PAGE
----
I’m so glad that it’s Friday. If it were a person, I’d kiss it straight on the mouth.
I’m glad that you’re back to read the next installment in our series. If this is the first time you’re joining us – WELCOME, it’s good to have you. Here are the other features in case you want to catch up.
Here’s a little bit of background as to why I want to do this series and why I want YOU to read it and share it with your friends. I am one half of a mixed race marriage (if you want to read my story, check it out here) and we have had our fair share of adjusting to this new life that is often not accepted by everyone.
Besides the odd intentional racist, I feel like a lot of the hurtful comments floating around are actually just brought about through ignorance about how their words will affect other people. Thinking only of our own personal situations with little regard for others, because that’s all that we know. So in an effort to broaden what we know, I thought I would interview a wide range of South Africans that have a variety of different situations – from mixed race couples to single race couples that adopt cross racially to couples that share the same “race” but differ vastly in terms of culture. A bit of a mumble jumble of everything really.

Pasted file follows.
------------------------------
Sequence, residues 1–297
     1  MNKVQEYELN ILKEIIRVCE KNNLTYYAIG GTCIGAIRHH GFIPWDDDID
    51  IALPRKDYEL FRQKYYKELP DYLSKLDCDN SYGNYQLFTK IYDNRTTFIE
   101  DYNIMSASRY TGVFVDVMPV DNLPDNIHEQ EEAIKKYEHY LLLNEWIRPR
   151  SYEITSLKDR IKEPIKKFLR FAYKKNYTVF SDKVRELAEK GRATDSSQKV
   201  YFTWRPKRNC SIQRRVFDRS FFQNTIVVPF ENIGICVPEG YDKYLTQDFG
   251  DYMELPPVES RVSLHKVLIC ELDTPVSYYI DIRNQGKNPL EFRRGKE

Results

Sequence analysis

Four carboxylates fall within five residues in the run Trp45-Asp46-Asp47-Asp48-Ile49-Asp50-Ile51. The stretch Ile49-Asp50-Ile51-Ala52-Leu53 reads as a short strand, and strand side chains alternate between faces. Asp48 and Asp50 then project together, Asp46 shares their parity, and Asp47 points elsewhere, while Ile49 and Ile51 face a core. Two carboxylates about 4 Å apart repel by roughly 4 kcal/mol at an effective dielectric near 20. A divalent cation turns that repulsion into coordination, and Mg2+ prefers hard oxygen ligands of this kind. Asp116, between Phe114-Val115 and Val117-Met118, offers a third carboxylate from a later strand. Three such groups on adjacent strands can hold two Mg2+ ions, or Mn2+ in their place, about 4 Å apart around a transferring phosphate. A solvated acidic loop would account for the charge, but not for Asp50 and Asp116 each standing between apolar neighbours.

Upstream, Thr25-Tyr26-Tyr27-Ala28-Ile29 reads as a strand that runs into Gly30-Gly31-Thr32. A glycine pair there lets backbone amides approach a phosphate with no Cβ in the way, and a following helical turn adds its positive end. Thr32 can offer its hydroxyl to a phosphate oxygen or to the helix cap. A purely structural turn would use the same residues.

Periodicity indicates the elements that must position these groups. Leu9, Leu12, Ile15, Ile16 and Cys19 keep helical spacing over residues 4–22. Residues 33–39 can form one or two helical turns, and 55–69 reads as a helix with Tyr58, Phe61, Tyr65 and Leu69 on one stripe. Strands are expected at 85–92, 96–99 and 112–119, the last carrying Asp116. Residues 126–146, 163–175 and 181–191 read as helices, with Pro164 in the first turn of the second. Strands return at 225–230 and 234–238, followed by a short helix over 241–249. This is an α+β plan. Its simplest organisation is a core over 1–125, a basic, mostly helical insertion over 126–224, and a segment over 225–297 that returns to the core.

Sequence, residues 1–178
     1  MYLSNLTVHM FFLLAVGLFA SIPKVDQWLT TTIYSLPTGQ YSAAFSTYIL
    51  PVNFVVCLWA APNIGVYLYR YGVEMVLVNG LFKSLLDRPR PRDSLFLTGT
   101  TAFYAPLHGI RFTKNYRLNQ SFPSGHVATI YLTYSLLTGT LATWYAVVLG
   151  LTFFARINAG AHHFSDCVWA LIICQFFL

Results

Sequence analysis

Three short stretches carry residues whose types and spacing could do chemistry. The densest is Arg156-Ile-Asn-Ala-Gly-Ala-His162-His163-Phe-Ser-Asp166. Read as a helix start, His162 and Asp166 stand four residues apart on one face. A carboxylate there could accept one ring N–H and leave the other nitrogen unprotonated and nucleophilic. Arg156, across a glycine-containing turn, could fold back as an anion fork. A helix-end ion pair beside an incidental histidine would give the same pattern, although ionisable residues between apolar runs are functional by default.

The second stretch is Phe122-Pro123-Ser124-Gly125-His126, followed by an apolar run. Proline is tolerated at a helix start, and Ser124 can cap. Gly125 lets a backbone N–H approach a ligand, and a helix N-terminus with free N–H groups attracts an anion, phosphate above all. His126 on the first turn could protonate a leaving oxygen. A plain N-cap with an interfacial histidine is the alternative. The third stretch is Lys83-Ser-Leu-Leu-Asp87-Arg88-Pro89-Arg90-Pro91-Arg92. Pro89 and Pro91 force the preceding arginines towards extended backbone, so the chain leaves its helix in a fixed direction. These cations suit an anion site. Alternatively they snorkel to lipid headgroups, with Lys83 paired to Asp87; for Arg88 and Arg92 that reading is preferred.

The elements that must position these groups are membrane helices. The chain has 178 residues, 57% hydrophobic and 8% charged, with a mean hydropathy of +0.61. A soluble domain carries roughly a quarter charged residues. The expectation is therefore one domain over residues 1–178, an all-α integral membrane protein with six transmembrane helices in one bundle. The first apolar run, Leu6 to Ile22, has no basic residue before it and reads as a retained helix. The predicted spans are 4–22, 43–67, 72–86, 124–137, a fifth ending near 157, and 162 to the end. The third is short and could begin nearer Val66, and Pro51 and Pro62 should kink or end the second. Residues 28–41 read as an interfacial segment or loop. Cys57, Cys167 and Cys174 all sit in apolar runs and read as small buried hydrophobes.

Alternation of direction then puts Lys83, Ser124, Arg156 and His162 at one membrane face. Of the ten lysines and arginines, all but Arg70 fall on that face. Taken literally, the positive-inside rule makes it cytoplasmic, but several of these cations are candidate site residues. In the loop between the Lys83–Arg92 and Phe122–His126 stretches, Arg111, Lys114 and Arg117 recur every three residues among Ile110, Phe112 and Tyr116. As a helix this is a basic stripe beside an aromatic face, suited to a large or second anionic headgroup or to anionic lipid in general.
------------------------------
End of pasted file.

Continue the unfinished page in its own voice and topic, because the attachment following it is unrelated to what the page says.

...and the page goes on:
So let’s get started!
If you would like to join in and be featured in this series or know of someone that would, please feel free to get in touch with me on email@example.com.
I want this to be a safe space where we can share stories and encourage each other to be more accepting of our fellow South Africans of all races, cultures and situations. So while I want to encourage you to comment and open a discussion, I will not tolerate any abusive or troll like comments here.
Tell us a little bit about yourself – what you do, what you like to spend your time on etc
I am a work from home freelancer and blogger in the mornings and in the afternoons I play moms taxi/soccer mom. I would love to spend my time reading, visiting coffee shops and having my nails done regularly but in reality I spend a lot of time watching my kids do a sport, which I do secretly love and drinking wine with my delinquent friends.
Ed’s note – go check out Laura’s blog – Harassed Mom, it’s one of my many favourites. Specifically because she knows how to keep it real and I need that.